Friday, 2 November 2012

More on digital copyright exchange(s) et al

This posting records - as well as my notes allow me to do so - the question and answer session that followed the IBIL Hallowe'en seminar last Wednesday. The chairman, Sir Robin Jacob, prefaced it by remarking that one effect of the hub and the Observatory would be to reduce the number of works that actually were orphans. In response to a question from the floor about the duration of copyright protection - making it shorter would remove many orphan works problems - he told the audience that the oldest work held by the British Library still protected by copyright dates from 1874 - and not long ago it had been 1862.

Sir Richard Arnold asked a question which highlighted the difference between the "limitations" approach taken in the abortive US legislation and the "permission" approach taken in the EU directive. The public sector, and public interest bodies, are the beneficiaries of the Directive: but an institution such as the British Library would find it unacceptable to do something which is unlawful, protected only by a limitation on the remedies available to the copyright owner. Better that they operate within legal permissions - or, to use the trendy phrase as Maria Martin-Prat did, "safe harbours". [I think this proposition should become known as Arnold's Principle.]

Carol Lee, a director of ALCS, was aggrieved that neither Hargreaves nor Hooper had much to say about authors. Hooper claimed that the hub would be good for the little guys, but there would be disputes, a matter being addressed by the steering group (or whatever term was used for the body dealing with implementation of the idea). The quality of data on who owns what is poor, and in the digital age there can be no excuse for this.

Shira observed that there is a list in the back of the Directive that gives an indication of where to look in the course of a diligent search, adding that had the US Copyright Office been required to produce the guidance mentioned in the abortive legislation it might have included a Google search [one might even imagine that a Google search alone could one day be considered exhaustive].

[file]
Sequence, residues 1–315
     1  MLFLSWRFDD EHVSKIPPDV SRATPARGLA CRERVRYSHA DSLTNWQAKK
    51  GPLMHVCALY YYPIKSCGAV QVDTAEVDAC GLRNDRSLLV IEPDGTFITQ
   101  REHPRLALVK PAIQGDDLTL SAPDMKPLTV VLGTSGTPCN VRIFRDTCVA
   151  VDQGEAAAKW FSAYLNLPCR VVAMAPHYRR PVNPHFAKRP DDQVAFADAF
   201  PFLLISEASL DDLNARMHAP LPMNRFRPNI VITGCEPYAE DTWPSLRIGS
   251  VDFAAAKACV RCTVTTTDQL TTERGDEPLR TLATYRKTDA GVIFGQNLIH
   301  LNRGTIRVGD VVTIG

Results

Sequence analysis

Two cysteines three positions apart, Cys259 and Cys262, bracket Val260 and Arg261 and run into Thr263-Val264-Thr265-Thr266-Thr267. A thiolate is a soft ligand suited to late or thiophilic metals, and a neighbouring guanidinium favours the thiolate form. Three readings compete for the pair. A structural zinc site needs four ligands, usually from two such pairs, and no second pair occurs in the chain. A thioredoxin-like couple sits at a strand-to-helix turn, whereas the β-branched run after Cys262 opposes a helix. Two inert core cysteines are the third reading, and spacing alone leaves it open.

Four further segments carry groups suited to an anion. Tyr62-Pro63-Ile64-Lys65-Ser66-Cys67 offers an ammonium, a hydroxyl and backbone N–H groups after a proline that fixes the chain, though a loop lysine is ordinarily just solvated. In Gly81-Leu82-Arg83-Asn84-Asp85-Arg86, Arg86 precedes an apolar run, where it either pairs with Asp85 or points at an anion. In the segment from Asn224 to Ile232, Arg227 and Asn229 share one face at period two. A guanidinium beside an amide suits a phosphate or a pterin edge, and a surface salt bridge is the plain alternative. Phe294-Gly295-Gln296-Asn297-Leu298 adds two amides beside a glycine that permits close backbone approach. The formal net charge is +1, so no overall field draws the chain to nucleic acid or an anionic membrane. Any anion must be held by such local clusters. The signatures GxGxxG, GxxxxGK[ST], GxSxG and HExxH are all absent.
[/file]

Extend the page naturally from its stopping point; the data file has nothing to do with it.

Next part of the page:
In reply to a question from Jeremy Phillips about anonymous photos of cats, Graeme made the observation that silence on the part of an author does not indicate acquiescence. Maria added that were that to be the case the directive would amount to compulsory licensing. And Richard Hooper pointed out that although it is an offence to strip out metadata, thus removing ownership information, newspapers do it all the time with images.

Google made another appearance, with someone [my notes don't record who] saying that access to authoritative ownership information is fundamental to the proper operation of their takedown procedure [and I made a mental note to check whether they had taken down something I gave them notice about a couple of days ago]. Of course (as someone else whose identity Peter failed to note said), having such an authoritative source would defeat many of the excuses and justifications for copyright infringements.

In reply to another question, Richard Hooper explained that the Hub would not be a building, just a website, and it would not compete with those who connect with it.

Tom Rivers asked about extended collective licensing, observing that an essential pre-requisite for it is collective licensing. Often, he said, people do not want to license their copyright collectively, but if they could do this they would undermine the whole idea of licensing for mass digitisation. Maria pointed out that extended collective licensing (ECL, a new abbreviation that is becoming common currency) allows an opt-out for copyright owners, which is what distinguishes it from compulsory licensing.

A propos something which I didn't note, two final comments from members of the panel which deserve to be recorded even if I have lost the context ... Graeme Dinwoodie commenting on the fact that there is a great deal of paternalism in copyright laws (citing the US provisions on reversions), and Richard Hooper saying that complexity provides excellent protection for the "big guys", and drawing parallels with the way the complexity of the financial markets allowed the global financial crisis (or GFC, an shorthand expression which seems to be current in Australia only but which ought to be more widespread) to catch everyone by surprise including those who were supposed to understand what they were doing (he mentioned, though he did not pose, the twin questions "have you ever met an intelligent banker?", and "have you ever met a banker who did not think he was intelligent?")

Given that note-taking is an imprecise science, and my memory an increasingly unreliable piece of equipment, readers are invited to comment on, add to and correct this posting. Please.

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